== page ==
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Why have I become nocturnal? How do I write in a book? Where does the phrase "the high seas" come from? Which fruits are breakfast fruits? How do I help my mom appreciate art? How do I deal with negativity on social media? How big would googly eyes need to be to see them on the moon? John Green and Hank Green have answers!

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 (00:00) to (02:00)

[Dear Hank and John intro music]

Hank: Hello and welcome to Dear Hank and John!

John: Or as I prefer to think of it, Dear John and Hank.

Hank: It's a podcast where two brothers answer your questions, give you advice and bring you all the week's news from both Mars and AFC Wimbledon. John...

John: Yeah?

Hank: What if I was like, fishing, but for a bunch of dolphins? Would it be a podcast? I don't know...

John: [laughs] That's not that bad.

Hank: [laughs] Except that I don't feel really bad about fishing for dolphins. Seems like you definitely shouldn't do that.

John: Yeah. I was just thinking while you were telling that joke, because I always zone out during your dad joke period...

Hank: Uh-huh. Oh.

John: I was thinkin' about how it's always been ludicrous that this podcast shares all the week's news from both Mars and AFC Wimbledon, but it's never been more ludicrous than it is right now.

Hank: [laughs]

John: Because it imagines that there is news, right?

Hank: Yeah.

John: Like, that there is news that is not about the only story.

Hank: Right. Well-- indeed. And indeed I think that's probably what we will end up discussing. The thing about sports news is that I always was very skeptical about the entire idea of AFC Wimbledon news, because, like, they don't play year round. And yet, during the times when they aren't playing, there's always something happening? Which just seems not possible to me. But then--then--it turns out to be interesting. So I assume that you can make this work, John.

John: There is some news from AFC Wimbledon this week.

Hank: I just threw a bottle of Coke, an empty bottle of Coke, over my shoulder toward my trash can, and I got it in. And I just wanted to share that with you.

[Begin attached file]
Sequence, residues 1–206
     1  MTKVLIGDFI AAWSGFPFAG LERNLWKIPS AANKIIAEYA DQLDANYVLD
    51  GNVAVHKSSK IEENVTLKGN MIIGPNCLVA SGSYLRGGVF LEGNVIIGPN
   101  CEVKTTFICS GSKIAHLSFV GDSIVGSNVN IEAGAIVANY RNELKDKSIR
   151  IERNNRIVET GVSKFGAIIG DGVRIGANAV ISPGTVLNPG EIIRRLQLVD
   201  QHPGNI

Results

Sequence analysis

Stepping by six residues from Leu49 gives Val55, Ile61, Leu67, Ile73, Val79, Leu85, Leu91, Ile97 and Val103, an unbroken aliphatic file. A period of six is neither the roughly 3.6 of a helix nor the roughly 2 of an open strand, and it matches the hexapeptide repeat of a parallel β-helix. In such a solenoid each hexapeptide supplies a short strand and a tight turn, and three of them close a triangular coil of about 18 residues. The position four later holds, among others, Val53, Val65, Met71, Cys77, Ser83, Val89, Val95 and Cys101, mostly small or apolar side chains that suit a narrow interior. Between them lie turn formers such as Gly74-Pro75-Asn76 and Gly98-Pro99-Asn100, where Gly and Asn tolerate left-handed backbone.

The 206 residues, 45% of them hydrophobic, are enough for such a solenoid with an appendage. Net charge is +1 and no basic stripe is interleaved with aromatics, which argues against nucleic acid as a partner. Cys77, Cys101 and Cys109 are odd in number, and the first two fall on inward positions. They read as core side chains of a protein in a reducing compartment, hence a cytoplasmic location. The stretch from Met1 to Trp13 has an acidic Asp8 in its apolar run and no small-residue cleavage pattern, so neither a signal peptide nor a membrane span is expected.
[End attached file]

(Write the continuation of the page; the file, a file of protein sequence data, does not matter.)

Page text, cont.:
John: Ohh, it's a great feeling.

Hank: It just-- it hit right on. Also, if you hear a noise, like a thunking noise, it's because my backdoor neighbor has set up a CrossFit gym in his garage.

John: [laughs]

Hank: And he opens his garage, and he and his wife--who are lovely people, and very strong people--they do very frequently throw heavy things around, about 10 feet away from where I'm sitting. So just be aware of that.

 (02:00) to (04:00)

John: These days I get most of my exercise in the form of the bicycling video game Zwift, where you pedal on a virtual bicycle and then your little bicycle guy moves inside of the game.

Hank: That sounds-- that sounds great. I get most of my exercise by doing what's called bench press, which is where I take 40-year-old child and I bench press him. So it's not, like, super exerting.

John: I don't think he's 40...

Hank: 40...Did I say 40 year old?

John: You did.

Hank: [laughs] I'm totally-- I'm very-- I'm 100%, all the way here. 40 pound child.

John: I'm also all the way here, 100%. 

Hank: I can't bench a lot, but I can do 40 pounds.

John: Earlier today I was doing Zwift--

Hank: Uh-huh.

John: So you're racing other people, and they're real people, you know?

Hank: Oh, real people.

John: And you want to be able to stay in their draft, because it's a little easier, you can go a little faster if you can stay in their draft.

Hank: Wowww.

John: But there-- everybody's faster than I am. I'm the slowest person on Zwift. There's 35000 regular users, and I'm last.

Hank: [laughs]

John: Like, every time I go up one of the climbs--

Hank: Comin' in 35000, it's John Green!

John: Every time I go up one of the climbs, there'll be, like, "991 people climbed this climb today, and you finished in 979th." That is a true story from today.

Hank: [laughs]

John: And I'm not that out of shape. Like, I'm not a terrible cyclist. It's just the quality of...

Hank: Yeah.

John: I feel competitive against them. And even though I'm like the slowest--I work so hard that--earlier today when I was Zwifting, one of my kids came downstairs, and they were like, "Mom wants to know if you're okay", and I was like "Yeah, I'm fine, what's the problem?" And they were like, "You know, 'cause you're screaming."